Shortened Work Hours Could Mean Decline in Wages

  • By Park Yu-yeon

    March 14, 2018 13:47

    A shorter working week the government is planning for the world's second most exhausted workforce would lead to an 11.5 percent drop in monthly income on average, the National Assembly Budget Office said in a report on Tuesday.

    Caps on overtime and the reduction of legal working hours from a world-beating 68 to 52 hours could cost a worker up to W377,000 a month, it said (US$1=W1,067).

    It remains to be seen whether workers will accept the tradeoff amid rumblings from some labor unions that it is unfair to deprive their members of the opportunity to work as long as they want.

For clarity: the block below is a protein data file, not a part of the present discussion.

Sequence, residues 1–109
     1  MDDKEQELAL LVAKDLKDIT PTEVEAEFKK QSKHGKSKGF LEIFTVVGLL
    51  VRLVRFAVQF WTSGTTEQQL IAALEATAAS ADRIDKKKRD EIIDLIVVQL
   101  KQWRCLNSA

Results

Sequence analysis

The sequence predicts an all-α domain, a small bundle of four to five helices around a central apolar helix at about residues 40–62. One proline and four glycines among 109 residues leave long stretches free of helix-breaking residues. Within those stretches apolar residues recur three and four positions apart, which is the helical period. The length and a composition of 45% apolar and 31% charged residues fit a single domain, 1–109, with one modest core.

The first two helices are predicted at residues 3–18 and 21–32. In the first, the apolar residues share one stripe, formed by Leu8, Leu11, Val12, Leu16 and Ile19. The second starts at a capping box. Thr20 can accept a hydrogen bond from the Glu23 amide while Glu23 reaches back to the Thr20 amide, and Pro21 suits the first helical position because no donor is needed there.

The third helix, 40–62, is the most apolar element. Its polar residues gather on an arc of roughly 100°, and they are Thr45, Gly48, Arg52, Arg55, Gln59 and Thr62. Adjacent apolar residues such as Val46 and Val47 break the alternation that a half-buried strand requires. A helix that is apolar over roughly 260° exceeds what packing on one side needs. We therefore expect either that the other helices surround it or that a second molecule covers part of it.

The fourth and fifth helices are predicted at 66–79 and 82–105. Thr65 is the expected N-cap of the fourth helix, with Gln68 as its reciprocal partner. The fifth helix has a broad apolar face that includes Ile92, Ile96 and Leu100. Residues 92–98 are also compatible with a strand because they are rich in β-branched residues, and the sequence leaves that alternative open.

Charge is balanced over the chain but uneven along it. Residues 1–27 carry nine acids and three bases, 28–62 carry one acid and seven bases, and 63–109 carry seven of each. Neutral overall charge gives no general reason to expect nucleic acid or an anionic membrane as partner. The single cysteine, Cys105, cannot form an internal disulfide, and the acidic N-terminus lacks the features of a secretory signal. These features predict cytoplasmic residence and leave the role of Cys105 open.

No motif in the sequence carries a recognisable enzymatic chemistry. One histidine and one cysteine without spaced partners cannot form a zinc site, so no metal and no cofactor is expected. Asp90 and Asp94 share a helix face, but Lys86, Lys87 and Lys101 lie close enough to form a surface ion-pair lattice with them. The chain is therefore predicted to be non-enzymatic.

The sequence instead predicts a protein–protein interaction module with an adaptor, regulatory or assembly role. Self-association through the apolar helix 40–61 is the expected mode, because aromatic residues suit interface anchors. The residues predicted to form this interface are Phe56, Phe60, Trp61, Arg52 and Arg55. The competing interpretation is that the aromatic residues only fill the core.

But the report only calculated the decline in overtime, hourly and extra pay based on the assumption that they work every last hour they legally could. On the plus side, the report also predicts that the shortened hours would lead to increased hiring of staff.

    Businesses could see a total of 6.48 million decreased labor hours supposing they work their staff to limit, which would require a maximum 160,000 more workers to be hired.

    "The increased hiring prospects are welcome, but measures should be taken to deal with the decline in wages," it said. 

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